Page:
A Full Bench of Fair Work Australia has allowed an employee to pursue his claim for unfair dismissal despite agreeing to settle the dispute with his employer outside of court. The decision in Brent Gorman v Australia Post  FWAFB 9413 indicates the need for employers to exercise caution in settlement negotiations.
Mr. Gorman, having been employed by Australia Post for twenty years, as dismissed for misconduct in 2009. He lodged an unfair dismissal claim with FWA, which was heard on 6 April 2010. Both parties were legally represented at the hearing.
During the hearing, settlement discussions between the parties ensued. The discussions were apparently successful, with Mr Gorman’s legal representative advising FWA upon the resumption of proceedings that there had been an agreement that the matter would be settled, with a written agreement (in the form of a Deed) to follow within fourteen days. The hearing was adjourned to allow the written agreement to be drafted and executed. Crucially, there was no notice filed with FWA to discontinue the hearing. After several weeks, and having received the proposed Deed from Australia Post, Mr Gorman applied to have the matter re-listed for hearing.
The legal positions and evidence
It was Australia Post’s contention that FWA should dismiss Mr Gorman’s application, because it was frivolous or vexatious, in light of the settlement agreement.
Unsurprisingly, Mr Gorman and Australia Post provided different accounts of the settlement discussions, and the effect of those discussions. Australia Post contended that all terms regarding settlement had been agreed upon, including a termination payment, discontinuance of the matter, the substitution of resignation for termination, non-disparagement and confidentiality. Australia Post’s legal representative gave evidence that during the settlement negotiations, he had specifically stated that this oral agreement would be binding and the written agreement would only record the terms, saying “we’ve got a deal”.
Mr Gorman argued that only the payment and substitution of resignation for termination were agreed upon, during those settlement negotiations. He also seemed to recall some general discussions regarding confidentiality. Mr Gorman refused to sign the Deed on the terms proposed.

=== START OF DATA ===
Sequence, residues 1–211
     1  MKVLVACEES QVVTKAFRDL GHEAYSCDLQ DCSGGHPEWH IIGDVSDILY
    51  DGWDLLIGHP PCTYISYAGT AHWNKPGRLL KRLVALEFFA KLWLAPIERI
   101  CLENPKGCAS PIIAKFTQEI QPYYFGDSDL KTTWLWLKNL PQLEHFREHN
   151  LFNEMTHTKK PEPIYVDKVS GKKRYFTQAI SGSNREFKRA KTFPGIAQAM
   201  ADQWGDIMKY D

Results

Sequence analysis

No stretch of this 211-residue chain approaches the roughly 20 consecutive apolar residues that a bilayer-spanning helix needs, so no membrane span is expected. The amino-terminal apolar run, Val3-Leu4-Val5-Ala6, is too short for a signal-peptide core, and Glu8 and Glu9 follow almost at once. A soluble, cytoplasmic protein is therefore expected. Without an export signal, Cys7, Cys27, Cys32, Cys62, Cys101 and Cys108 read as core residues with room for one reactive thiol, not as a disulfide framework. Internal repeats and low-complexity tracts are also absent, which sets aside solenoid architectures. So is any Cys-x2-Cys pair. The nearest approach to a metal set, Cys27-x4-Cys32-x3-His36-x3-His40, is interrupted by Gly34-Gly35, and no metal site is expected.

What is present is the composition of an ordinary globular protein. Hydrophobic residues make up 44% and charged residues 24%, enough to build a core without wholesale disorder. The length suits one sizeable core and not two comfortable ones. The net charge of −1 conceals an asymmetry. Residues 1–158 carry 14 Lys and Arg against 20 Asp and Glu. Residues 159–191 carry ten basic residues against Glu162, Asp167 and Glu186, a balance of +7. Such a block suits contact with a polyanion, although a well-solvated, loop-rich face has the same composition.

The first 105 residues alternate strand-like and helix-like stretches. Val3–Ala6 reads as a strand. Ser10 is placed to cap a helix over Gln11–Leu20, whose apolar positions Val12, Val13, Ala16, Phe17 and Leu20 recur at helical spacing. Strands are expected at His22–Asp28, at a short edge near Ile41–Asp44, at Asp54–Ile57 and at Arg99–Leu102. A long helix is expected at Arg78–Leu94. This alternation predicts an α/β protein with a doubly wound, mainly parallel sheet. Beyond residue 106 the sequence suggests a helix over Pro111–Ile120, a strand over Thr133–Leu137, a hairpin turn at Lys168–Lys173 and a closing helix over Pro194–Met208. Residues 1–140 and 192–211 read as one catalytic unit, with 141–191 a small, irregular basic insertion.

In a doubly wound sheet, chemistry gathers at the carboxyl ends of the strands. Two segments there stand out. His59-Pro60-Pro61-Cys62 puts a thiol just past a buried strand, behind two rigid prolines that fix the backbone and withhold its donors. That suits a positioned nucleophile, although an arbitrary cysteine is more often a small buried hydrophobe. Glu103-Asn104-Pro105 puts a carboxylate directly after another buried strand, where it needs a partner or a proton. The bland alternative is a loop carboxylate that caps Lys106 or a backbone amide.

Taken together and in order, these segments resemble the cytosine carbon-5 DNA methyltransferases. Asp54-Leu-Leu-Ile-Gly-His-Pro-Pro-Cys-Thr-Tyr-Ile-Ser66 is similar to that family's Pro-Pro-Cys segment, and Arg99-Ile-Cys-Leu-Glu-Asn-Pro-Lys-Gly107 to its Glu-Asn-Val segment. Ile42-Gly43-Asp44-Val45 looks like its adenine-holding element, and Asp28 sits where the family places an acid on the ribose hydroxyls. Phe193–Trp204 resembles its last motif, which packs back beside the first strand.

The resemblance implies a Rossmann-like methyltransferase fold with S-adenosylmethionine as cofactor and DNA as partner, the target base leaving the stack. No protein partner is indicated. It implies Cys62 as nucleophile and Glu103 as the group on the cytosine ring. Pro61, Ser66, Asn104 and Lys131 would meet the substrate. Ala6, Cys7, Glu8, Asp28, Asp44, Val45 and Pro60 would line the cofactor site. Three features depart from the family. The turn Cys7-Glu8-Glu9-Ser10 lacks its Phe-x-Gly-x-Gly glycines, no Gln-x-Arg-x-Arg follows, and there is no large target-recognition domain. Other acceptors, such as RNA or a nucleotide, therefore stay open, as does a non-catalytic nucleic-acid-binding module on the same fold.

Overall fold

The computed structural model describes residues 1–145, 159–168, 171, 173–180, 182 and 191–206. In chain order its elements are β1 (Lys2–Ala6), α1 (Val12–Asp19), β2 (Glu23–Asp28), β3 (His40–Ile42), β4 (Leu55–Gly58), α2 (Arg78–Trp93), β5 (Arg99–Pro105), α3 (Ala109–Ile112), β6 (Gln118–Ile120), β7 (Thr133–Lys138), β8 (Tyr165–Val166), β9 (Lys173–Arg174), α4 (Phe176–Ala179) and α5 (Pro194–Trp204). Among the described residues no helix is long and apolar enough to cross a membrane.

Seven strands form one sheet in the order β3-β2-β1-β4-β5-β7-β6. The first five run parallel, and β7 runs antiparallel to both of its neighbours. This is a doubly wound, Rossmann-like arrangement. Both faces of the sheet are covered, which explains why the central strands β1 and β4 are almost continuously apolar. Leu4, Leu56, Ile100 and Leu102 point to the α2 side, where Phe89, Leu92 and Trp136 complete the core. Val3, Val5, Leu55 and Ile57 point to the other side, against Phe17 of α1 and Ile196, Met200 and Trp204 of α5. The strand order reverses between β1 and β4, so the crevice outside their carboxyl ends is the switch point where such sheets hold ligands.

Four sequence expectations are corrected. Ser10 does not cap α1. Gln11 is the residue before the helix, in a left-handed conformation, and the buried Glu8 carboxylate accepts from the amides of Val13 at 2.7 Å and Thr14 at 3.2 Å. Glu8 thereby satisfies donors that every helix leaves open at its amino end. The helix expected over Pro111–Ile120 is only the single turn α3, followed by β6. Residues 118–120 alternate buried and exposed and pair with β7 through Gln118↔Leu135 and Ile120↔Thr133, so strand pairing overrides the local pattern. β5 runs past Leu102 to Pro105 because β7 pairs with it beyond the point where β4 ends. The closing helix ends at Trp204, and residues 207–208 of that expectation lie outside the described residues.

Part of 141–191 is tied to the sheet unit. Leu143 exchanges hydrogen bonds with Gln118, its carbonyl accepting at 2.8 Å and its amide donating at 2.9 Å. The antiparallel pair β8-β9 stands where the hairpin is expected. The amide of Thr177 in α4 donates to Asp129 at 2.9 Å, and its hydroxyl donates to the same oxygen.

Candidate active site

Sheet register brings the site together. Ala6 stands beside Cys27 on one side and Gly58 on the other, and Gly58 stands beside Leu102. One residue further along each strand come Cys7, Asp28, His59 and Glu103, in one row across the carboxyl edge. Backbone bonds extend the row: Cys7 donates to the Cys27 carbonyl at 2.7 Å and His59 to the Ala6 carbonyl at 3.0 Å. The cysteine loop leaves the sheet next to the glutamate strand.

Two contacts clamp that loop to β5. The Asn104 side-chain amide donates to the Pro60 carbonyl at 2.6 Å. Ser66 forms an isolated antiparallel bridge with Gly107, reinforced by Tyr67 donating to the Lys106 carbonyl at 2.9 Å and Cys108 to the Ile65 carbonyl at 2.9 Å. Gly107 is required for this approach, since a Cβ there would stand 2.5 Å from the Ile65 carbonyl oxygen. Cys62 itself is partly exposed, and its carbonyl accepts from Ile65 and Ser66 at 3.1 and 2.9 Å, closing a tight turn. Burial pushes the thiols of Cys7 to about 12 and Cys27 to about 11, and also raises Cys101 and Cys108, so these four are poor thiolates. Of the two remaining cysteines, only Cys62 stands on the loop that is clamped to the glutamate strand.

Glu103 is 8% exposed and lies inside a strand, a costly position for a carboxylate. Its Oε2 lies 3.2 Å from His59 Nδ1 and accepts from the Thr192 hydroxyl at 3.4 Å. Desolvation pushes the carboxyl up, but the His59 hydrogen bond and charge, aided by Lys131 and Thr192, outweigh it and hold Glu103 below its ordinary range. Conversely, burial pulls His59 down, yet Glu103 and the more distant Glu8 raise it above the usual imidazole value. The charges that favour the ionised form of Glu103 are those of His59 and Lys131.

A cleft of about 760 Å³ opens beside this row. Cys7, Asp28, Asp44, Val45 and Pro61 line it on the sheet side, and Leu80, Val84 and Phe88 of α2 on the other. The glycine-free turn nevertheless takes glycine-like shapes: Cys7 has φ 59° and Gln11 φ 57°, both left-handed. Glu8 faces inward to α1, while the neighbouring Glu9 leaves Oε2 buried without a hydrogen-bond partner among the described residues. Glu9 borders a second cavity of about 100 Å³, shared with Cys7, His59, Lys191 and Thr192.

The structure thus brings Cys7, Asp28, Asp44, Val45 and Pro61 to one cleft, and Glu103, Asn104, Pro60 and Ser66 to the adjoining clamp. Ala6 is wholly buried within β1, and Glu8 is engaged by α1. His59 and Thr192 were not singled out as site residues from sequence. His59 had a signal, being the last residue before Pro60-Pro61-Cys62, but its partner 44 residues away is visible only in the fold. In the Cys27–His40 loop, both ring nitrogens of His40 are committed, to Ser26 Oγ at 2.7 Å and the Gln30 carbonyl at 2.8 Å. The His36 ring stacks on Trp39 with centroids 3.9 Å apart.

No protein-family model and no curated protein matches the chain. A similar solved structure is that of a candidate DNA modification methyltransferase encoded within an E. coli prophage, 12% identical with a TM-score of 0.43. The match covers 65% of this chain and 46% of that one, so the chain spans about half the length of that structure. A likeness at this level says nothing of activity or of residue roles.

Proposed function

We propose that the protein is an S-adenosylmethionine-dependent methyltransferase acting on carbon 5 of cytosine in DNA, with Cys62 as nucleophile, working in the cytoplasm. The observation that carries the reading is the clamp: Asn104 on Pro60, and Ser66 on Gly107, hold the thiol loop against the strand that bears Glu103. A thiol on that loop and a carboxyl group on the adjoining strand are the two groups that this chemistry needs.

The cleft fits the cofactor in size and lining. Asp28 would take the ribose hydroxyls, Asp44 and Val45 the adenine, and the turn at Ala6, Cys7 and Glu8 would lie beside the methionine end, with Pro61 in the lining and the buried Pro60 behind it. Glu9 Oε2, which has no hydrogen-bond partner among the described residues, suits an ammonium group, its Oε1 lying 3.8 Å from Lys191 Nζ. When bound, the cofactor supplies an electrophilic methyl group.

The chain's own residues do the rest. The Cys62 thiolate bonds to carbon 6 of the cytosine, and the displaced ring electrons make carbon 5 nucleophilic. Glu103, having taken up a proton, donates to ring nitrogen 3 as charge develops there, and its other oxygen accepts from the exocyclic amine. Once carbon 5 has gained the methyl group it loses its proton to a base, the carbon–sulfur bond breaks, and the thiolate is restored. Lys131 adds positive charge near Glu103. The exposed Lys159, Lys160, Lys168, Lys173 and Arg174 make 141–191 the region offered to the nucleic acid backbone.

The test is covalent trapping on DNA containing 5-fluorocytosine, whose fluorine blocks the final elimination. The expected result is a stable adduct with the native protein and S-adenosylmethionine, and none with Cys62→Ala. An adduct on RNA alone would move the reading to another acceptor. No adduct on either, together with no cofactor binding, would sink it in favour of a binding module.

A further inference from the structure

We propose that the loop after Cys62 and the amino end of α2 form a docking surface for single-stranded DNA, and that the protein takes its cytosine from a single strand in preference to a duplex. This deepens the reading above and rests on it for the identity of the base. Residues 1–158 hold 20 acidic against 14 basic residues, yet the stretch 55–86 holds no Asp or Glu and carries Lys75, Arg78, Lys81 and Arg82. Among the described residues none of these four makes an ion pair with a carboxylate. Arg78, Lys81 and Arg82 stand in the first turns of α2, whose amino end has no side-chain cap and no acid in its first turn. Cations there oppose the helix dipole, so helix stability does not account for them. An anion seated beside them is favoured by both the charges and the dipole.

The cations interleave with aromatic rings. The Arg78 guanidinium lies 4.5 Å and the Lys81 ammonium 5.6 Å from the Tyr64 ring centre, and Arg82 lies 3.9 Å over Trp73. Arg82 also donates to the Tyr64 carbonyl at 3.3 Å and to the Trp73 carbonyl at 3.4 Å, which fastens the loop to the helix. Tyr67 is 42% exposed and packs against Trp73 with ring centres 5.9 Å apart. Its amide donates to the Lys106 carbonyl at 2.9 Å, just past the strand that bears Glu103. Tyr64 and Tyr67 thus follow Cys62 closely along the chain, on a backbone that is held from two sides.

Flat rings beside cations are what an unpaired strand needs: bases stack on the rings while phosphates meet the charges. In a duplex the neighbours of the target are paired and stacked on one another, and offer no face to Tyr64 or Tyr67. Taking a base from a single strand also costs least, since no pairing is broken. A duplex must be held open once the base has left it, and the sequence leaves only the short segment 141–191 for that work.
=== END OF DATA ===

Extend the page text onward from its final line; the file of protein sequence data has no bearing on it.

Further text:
Initial success for Australia Post Mr Gorman’s application was dismissed at first instance by FWA, which accepted the evidence of Australia Post about the formation of the settlement agreement. Mr Gorman’s wish to proceed with his claim for unfair dismissal was held to be contrary to the terms of a binding agreement to settle, and was therefore vexatious and an abuse of process.
Decision overturned on appeal
Mr Gorman successfully appealed the initial decision.
The Full Bench held that Mr Gorman’s application for unfair dismissal was not “frivolous or vexatious”. They noted that it had not yet been determined whether his dismissal from Australia Post was harsh, unjust or unreasonable.
The Full Bench concluded that because a notice of discontinuance for the matter had not been filed, and the parties had indicated to FWA on the first day of hearing that there was likely to be some “toing and froing” in the negotiation process for settlement, it was unlikely that a binding legal agreement was created on that day. They instead characterised this as an ‘agreement to agree’, which is never legally binding.
Because the agreement between the parties was held not to be binding, Mr Gorman was entitled to pursue his claim for unfair dismissal.
Lessons for Employers
Clear and unequivocal agreement on all of the terms of settlement of an unfair dismissal application will assist in showing that trying to back out of the deal and continuing with proceedings is frivolous or vexatious.
Where possible, set out all terms of settlement by drafting “Heads of Agreement”, and have both parties sign the document, even if a more formal deed or release agreement is to be executed later.